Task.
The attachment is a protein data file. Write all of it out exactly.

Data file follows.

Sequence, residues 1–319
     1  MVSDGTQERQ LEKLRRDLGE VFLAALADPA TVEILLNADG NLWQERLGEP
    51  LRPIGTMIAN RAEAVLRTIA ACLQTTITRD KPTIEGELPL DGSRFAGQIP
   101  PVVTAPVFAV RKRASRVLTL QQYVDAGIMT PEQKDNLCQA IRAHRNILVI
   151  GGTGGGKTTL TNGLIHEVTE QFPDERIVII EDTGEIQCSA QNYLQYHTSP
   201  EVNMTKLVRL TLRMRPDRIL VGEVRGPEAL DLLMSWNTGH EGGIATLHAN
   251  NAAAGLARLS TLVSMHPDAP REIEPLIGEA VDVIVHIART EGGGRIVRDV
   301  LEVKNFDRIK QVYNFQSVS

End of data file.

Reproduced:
Sequence, residues 1–319
     1  MVSDGTQERQ LEKLRRDLGE VFLAALADPA TVEILLNADG NLWQERLGEP
    51  LRPIGTMIAN RAEAVLRTIA ACLQTTITRD KPTIEGELPL DGSRFAGQIP
   101  PVVTAPVFAV RKRASRVLTL QQYVDAGIMT PEQKDNLCQA IRAHRNILVI
   151  GGTGGGKTTL TNGLIHEVTE QFPDERIVII EDTGEIQCSA QNYLQYHTSP
   201  EVNMTKLVRL TLRMRPDRIL VGEVRGPEAL DLLMSWNTGH EGGIATLHAN
   251  NAAAGLARLS TLVSMHPDAP REIEPLIGEA VDVIVHIART EGGGRIVRDV
   301  LEVKNFDRIK QVYNFQSVS